They only made one mistake. After a winter spent perhaps in a wetland in
Texas or Florida or Missouri; after a journey of thousands of aching miles; after surviving thunderstorms and blazing sun and blinding snowstorms in their struggle to find the clear shrub-lined pond that they imagined raising their young.
After all that, 750 exhausted birds flying over northeastern Alberta finally spotted an unfrozen lake. Under better light they might have noticed the slight purple sheen on parts of it. But instead they saw a refuge that would give them at least a few hours of rest and maybe a chance for some replenishing food.
As they landed on the poison lake of oil and waste from Syncrude’s tar sands mining operation it may have only taken a few seconds for the birds to realize that something was not right. A few flew up quickly and continued north, their bodies stained with dark oily residue but 500 of them found themselves stuck in the oily lethal mire. They struggled, became coated further with oil, slowly sank further until they were gone.
Five hundred birds made one mistake and died last week on a single tailings pond in
Alberta’s tar sands.
What is especially troubling is that Syncrude was going to keep the deaths secret just as the fact that these tailings ponds and the others scattered through the Alberta tar sands have been killing birds for thirty years has been kept from the public. A whistleblower, apparently sickened by the sight, leaked the news and for the first time in thirty years the animals that died didn’t do so silently. You can read some of the news reports about the incident here and here.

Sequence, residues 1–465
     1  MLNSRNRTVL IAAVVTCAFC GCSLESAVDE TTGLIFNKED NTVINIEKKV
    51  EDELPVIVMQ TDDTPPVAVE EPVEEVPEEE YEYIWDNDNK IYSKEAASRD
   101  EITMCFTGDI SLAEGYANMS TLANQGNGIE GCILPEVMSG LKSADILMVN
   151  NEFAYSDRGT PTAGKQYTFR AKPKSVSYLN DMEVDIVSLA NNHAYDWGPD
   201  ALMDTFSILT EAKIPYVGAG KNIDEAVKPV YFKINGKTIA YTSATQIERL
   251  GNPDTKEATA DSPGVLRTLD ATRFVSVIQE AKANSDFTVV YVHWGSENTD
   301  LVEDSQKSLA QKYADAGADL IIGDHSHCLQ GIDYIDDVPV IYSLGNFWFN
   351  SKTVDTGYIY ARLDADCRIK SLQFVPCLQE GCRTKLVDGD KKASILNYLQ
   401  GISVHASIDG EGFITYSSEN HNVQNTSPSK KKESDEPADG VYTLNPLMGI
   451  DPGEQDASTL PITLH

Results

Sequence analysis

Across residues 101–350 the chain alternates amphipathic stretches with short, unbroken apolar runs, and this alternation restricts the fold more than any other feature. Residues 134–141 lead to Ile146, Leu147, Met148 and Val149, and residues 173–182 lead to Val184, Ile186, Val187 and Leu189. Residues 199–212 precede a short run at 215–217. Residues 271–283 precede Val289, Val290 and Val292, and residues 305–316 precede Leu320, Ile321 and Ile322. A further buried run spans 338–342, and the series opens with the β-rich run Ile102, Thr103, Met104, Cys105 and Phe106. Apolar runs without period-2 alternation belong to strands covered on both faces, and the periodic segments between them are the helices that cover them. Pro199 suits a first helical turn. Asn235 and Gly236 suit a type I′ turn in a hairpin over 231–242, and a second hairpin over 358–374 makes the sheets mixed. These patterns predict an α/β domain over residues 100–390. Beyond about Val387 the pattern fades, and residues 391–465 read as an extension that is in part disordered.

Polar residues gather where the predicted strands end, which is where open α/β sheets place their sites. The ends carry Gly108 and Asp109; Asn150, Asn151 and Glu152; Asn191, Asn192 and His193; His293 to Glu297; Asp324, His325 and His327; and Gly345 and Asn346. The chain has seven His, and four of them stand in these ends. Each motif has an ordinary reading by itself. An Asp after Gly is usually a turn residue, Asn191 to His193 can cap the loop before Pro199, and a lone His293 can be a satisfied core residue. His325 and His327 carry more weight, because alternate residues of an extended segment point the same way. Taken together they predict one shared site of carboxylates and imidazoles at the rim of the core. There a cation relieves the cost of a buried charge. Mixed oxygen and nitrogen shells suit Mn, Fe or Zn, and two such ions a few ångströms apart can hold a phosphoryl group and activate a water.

Of course, the hundreds or thousands of birds killed every year at Alberta tar sands tailings ponds is just the tip of the iceberg of the impacts that the fast-paced development will have on birds. Hundreds of thousands of acres will be strip-mined and millions of acres criss-crossed with a spider’s web of pipelines and road. These changes will mean millions fewer birdsâ€”including birds like Canada Warbler which was just added to Canada’s list of threatened birds and Rusty Blackbird which has declined by more than 90% over the last 40 years.
How will we feel knowing that the gas in our car came from these same Alberta tar sands? How will we feel knowing that the oil traced the migratory routes of these same birds via pipelines extending from Chicago and Denver and Houston and Galveston to the Albert a tar sands?
At the very least we ought to know what the real trade-offs are. Oil companies and government should not hide the facts about the true costs of Alberta tar sands development. How many skeletons lie at the bottom of those oily lakes?